Half way through my walk, the valve has completely broken and flooded my head to the point that the boss (who may or may not be having this conversation with him) has me convinced it's the best thing for him.  I can't move and go to the Northern Office (a fact). So, the story I tell myself is, it's not fair that I hold Eric back.  Now he's stuck at this branch because of me and I'm holding him back from the happy life he's spent his entire career creating and pretty soon I'll just be a burden to him and he'll resent me and wish we'd never met and the only way I can keep that from happening is to save him from this mess and push him away so he can enjoy his life rather than have it ruined by me.

Mind you, Eric never said he was looking forward to a break from me (on the contrary, he said he loves me and will be dreaming about me the whole time he is gone) or that he wants to move (we both want to move but he has always said he will wait until my schooling is done).  He merely said work shouldn't shorten his lifespan so it was a good time to step away from the Southern Office for three days.

Nearing the end of the trail, I'd convinced myself that not only is the story in my head accurate, but that Eric always does what's best for everyone else, leaving himself off the list. Since I actually KNOW what is best for everyone, it is my job to step in and show him how much better his life is without me.  I picture myself saying, "I hate it when I'm always right but I do know what is best for you." (Ironic when I'm always wrong about this crap floating around in just MY head.)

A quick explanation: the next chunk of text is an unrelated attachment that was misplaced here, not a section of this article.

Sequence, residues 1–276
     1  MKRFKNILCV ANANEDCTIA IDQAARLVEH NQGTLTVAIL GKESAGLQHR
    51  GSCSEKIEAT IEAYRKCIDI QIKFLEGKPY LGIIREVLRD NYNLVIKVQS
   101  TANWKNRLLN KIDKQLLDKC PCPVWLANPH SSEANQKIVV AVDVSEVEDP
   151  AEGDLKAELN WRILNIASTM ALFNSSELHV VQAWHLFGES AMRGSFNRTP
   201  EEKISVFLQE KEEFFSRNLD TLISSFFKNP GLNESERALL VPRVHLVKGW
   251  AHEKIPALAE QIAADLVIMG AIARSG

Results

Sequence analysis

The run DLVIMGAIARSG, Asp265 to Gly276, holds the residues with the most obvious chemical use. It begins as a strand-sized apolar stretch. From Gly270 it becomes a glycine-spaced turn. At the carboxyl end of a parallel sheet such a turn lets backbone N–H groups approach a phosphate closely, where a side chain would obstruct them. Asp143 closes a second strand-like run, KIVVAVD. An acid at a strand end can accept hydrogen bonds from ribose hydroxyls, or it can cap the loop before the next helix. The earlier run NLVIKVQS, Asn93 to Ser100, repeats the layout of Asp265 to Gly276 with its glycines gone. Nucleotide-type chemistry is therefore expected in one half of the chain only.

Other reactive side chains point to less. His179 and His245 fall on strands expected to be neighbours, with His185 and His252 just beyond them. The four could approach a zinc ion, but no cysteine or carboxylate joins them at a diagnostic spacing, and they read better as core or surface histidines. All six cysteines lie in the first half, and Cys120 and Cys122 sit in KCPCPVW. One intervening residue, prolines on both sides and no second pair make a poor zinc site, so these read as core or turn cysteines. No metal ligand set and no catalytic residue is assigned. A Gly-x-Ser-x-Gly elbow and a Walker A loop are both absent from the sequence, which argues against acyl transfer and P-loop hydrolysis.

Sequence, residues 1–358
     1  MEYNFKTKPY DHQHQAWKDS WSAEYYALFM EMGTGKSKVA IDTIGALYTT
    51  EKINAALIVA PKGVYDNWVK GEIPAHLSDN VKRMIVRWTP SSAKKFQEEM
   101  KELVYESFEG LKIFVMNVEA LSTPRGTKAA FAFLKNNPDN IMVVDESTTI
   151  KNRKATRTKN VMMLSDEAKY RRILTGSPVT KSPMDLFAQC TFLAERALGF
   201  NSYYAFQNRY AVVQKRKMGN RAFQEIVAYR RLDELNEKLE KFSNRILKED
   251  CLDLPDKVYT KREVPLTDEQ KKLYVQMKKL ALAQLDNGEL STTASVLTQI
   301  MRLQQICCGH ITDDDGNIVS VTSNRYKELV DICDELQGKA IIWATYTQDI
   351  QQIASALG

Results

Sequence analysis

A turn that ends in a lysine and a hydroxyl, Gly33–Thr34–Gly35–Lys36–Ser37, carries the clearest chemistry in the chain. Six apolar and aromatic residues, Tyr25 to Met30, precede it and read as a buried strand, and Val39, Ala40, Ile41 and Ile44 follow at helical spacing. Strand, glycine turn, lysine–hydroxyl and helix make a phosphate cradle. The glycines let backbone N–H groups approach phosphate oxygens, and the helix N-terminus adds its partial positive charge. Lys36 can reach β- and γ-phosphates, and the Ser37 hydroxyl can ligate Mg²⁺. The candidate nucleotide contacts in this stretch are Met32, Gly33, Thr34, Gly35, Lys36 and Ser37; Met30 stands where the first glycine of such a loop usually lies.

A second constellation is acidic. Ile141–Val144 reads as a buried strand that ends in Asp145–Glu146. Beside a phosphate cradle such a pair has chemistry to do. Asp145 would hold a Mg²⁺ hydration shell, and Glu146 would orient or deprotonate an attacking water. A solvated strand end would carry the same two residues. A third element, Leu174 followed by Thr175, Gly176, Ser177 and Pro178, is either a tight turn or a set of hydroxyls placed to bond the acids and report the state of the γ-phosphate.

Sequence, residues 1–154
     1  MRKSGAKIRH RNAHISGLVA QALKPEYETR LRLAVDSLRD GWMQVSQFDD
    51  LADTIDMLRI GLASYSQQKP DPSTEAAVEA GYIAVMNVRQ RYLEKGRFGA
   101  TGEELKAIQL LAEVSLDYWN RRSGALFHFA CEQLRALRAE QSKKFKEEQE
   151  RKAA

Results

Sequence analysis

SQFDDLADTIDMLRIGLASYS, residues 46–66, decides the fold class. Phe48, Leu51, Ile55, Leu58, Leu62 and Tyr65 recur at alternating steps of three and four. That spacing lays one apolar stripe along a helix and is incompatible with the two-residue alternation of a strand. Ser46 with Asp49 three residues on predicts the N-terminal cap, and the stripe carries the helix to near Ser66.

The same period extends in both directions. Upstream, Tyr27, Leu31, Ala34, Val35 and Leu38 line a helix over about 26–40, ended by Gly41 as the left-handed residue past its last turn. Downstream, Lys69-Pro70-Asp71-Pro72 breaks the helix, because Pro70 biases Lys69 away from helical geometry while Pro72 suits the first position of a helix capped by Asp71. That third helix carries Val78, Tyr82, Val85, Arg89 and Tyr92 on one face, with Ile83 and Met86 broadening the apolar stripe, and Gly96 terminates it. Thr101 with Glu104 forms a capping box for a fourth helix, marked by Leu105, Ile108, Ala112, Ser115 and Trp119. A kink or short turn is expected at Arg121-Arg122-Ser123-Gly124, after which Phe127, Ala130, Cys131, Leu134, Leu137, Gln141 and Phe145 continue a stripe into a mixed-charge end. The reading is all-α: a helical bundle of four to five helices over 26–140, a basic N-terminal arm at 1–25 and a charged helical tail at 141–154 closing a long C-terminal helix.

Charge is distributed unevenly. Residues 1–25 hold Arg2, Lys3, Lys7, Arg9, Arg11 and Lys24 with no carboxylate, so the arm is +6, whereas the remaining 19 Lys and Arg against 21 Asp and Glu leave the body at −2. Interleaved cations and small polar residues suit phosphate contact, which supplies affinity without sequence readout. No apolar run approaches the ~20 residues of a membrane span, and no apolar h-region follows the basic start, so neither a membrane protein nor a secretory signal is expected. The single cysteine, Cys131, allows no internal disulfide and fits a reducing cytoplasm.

Why on earth do I do this to myself?! It's not like the guy can't make up his own mind.  He's the HOH for goodness sake.  He can make up both of our minds!

I'm writing blogland because I'm trying to fight this - I want to STOP overthinking and freaking myself out over something that most likely isn't even happening.  (I can hear his voice right now, "Stop it AMY.")

The last thing Eric said to me before he left was, "When I walk in the door after my trip, if your mind has gone haywire again, I expect the strap to be in the entry where I take off my shoes.  That will be how you tell me every time you start down that path. We are putting an end to this pattern."  He's not playing around. He is being totally serious.

I'm pleading with you to help me stop this insanity.  How do you turn the darn valve off? I keep telling myself this is a story but I must be an incredible story teller because I am convinced Eric will be completely different when he comes back, will have changed his mind about how he feels about us and I'll be all alone again. Ugh!